Role models of greatness.
Here you will discover the back stories of kings, titans of industry, stellar athletes, giants of the entertainment field, scientists, politicians, artists and heroes – all of them gay or bisexual men. If their lives can serve as role models to young men who have been bullied or taught to think less of themselves for their sexual orientation, all the better. The sexual orientation of those featured here did not stand in the way of their achievements.
Friday, November 4, 2011
Ralph Waldo Emerson’s Man Crush
In his junior year at Harvard, Emerson began his journal, and in the August 8th entry, he wrote about his handsome schoolmate Martin Gay:
"A strange face in the Freshman class whom I should like to know very much. He has a great deal of character in his features....His name is Gay. I shall endeavor to become acquainted with him & wish if possible that I might be able to recall at a future period the singular sensations which his presence produced..."
With an unembarrassed frankness he wrote in his journal about the disturbing power of the glances he and Martin Gay exchanged. He would remain susceptible to such crushes, expressed at first through glances, all his life. Later he wrote about the quickness with which a glance could arouse a depth of interest. He had a sort of theory of "the glance." And while he heavily crossed out the Martin Gay journal notes at some later time, his initial recording of them indicates his essential emotional openness.
In a journal entry dated May 1, 1821, Emerson writes:
"I am more puzzled than ever with Gay's conduct. He came out to meet me yesterday, but just before we met, I turned another corner and most strangely avoided him. This morning I went out to meet him in a different direction and stopped to speak to a lounger so as to be directly in Gay's way, but he turned into the first gate and went towards Stoughton. All this child's play persists without any apparent design, and as soberly as if both of us were intent on some tremendous affair."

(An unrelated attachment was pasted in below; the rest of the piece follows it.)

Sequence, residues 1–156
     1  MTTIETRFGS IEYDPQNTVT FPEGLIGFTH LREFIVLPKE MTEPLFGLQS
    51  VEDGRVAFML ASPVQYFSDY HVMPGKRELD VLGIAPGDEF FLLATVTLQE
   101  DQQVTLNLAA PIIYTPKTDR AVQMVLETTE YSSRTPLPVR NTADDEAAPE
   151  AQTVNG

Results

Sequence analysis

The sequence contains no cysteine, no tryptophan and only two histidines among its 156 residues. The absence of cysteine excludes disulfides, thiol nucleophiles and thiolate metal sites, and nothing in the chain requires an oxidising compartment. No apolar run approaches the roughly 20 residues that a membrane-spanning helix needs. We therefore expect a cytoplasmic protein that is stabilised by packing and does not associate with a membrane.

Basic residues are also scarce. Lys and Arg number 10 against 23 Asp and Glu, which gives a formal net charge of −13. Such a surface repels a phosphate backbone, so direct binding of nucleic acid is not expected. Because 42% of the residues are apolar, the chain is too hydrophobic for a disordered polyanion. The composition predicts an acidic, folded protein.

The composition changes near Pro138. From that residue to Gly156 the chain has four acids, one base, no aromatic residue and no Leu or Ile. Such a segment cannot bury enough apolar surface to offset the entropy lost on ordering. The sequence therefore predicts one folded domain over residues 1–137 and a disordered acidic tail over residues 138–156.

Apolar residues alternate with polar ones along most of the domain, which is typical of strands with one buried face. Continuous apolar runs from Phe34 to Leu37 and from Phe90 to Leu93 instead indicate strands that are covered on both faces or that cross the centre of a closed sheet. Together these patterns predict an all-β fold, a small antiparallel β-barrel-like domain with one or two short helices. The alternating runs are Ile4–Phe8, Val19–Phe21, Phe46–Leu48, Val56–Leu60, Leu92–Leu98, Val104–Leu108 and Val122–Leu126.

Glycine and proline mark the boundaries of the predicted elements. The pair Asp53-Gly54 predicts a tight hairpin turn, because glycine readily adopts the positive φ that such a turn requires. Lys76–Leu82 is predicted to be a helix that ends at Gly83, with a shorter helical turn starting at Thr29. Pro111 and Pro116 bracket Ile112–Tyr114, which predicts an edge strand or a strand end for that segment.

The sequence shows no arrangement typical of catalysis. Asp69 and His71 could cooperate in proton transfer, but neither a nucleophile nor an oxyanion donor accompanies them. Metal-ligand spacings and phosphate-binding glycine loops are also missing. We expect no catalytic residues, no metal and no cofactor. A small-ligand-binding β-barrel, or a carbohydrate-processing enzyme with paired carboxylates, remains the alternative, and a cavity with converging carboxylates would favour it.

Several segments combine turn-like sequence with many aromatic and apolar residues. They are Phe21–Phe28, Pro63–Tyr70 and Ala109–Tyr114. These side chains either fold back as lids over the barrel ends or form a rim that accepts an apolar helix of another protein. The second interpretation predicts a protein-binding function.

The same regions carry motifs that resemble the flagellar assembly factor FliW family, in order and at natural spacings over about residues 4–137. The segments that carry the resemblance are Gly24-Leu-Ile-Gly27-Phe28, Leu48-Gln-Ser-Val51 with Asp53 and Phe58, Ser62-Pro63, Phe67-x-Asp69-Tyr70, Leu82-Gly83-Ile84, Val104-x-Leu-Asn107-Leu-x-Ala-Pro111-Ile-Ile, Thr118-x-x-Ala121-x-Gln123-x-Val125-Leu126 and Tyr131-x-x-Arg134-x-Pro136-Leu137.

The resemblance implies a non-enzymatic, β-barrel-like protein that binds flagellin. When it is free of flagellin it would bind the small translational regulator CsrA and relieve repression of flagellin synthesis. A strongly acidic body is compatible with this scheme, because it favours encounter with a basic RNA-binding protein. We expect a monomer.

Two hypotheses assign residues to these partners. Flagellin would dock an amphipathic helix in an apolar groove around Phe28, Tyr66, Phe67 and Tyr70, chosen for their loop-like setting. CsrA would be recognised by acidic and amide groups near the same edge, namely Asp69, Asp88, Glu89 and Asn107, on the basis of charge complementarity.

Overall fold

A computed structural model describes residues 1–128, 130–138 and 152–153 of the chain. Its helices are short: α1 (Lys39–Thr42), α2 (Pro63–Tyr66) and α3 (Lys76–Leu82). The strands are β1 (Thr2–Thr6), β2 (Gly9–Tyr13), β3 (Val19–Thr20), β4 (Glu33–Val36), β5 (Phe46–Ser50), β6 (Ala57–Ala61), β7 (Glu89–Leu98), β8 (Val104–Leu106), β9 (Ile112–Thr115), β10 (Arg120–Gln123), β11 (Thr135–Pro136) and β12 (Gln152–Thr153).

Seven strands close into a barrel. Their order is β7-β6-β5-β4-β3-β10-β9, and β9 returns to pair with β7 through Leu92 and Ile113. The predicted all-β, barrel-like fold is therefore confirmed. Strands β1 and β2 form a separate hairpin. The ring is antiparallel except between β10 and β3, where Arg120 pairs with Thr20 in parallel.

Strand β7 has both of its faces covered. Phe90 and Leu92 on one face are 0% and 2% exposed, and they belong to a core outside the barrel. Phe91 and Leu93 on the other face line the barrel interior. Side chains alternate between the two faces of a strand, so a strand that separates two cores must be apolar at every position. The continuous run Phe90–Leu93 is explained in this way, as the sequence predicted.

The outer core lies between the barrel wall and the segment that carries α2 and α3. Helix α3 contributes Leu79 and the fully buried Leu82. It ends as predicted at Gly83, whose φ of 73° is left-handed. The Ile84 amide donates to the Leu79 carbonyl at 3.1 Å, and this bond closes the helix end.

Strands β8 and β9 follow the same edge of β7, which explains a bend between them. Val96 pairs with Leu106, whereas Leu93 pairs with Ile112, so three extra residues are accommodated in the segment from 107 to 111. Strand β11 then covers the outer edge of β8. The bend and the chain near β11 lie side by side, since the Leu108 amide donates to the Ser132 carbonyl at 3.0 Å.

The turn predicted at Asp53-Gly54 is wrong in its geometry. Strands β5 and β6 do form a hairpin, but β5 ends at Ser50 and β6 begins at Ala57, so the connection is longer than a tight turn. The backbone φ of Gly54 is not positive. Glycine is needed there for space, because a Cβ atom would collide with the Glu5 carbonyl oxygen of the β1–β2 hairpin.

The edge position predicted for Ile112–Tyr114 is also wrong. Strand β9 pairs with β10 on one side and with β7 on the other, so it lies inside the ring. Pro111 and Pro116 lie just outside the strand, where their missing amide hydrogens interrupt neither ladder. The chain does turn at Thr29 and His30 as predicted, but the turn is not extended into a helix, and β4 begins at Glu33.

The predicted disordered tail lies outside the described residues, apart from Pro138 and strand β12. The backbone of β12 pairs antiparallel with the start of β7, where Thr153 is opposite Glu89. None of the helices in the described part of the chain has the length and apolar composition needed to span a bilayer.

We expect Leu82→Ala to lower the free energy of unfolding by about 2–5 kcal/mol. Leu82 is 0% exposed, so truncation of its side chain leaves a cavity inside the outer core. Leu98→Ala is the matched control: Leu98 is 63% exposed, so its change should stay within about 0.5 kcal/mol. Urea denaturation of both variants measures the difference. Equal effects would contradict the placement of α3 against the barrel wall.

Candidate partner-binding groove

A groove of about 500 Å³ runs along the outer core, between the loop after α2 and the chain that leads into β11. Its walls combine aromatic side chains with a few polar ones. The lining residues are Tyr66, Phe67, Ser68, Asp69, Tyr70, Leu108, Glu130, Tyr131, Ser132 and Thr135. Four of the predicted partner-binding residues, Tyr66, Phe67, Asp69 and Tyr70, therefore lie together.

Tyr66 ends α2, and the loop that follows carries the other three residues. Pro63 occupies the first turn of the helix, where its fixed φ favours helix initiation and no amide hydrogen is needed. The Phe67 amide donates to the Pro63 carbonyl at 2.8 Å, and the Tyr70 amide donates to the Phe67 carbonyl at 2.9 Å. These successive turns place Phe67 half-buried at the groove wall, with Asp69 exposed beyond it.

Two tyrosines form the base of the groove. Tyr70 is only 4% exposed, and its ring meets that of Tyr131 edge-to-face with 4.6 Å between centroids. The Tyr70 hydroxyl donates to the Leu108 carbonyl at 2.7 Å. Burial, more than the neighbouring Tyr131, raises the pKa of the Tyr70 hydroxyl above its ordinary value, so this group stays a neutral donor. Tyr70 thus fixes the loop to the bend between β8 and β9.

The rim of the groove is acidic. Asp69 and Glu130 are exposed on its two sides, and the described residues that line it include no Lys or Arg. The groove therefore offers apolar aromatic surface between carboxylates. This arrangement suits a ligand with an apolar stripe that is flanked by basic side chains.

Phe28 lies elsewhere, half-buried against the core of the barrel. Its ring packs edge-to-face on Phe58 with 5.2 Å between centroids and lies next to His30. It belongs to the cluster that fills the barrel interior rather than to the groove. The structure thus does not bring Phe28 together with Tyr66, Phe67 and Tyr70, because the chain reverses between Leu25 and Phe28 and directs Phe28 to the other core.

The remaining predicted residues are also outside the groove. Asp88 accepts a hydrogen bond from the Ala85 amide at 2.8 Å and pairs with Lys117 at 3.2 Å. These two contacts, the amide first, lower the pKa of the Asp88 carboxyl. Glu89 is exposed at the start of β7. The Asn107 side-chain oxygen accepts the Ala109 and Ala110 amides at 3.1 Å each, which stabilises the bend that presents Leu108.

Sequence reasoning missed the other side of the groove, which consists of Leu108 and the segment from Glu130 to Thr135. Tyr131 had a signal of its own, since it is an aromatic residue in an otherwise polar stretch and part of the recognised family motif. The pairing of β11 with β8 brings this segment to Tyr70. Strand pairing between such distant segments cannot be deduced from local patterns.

Emerson's journal was subsequently filled with many poems, comments and references to Martin Gay, who went on to become a prominent Boston physician.
As for Emerson (1803-1882), his first wife died at age twenty. Emerson did not seem to inspire passion in women, and he treated his second wife according to strictures of those times – wives were for bearing children and running households. Emerson proposed marriage to his second wife by writing her a letter. After the nuptials she treated him coolly and always called him Mr. Emerson. While Emerson admitted he could not write the sort of romantic love letters that women wanted, he had no difficulty writing sexually suggestive poetry about Martin Gay, and he wrote about Nathaniel Hawthorne in passionate terms, as well.
And there you have it.